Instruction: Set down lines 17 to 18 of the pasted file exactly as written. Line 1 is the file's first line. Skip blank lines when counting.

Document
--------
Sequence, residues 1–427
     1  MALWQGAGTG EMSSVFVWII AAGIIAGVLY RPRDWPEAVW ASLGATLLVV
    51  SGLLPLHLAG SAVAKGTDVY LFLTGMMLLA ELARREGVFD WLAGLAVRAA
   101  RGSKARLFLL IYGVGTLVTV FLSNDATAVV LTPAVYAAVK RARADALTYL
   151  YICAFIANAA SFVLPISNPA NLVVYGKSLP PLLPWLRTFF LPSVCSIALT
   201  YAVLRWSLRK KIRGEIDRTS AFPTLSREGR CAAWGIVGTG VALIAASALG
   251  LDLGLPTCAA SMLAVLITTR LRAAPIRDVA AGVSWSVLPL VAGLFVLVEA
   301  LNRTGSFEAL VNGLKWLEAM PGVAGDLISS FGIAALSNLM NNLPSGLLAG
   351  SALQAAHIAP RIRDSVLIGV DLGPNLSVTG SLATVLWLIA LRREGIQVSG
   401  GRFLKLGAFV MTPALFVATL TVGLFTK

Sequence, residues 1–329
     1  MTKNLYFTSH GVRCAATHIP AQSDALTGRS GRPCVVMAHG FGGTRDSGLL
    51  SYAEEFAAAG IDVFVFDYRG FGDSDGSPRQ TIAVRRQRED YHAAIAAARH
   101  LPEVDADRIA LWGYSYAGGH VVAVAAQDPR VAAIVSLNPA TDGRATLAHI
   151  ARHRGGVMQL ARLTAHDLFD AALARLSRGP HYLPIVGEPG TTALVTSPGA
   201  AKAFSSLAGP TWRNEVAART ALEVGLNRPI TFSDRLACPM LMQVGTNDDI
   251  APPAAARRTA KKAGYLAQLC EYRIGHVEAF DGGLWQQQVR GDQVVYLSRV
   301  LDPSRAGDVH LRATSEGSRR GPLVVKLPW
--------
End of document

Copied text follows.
   251  APPAAARRTA KKAGYLAQLC EYRIGHVEAF DGGLWQQQVR GDQVVYLSRV
   301  LDPSRAGDVH LRATSEGSRR GPLVVKLPW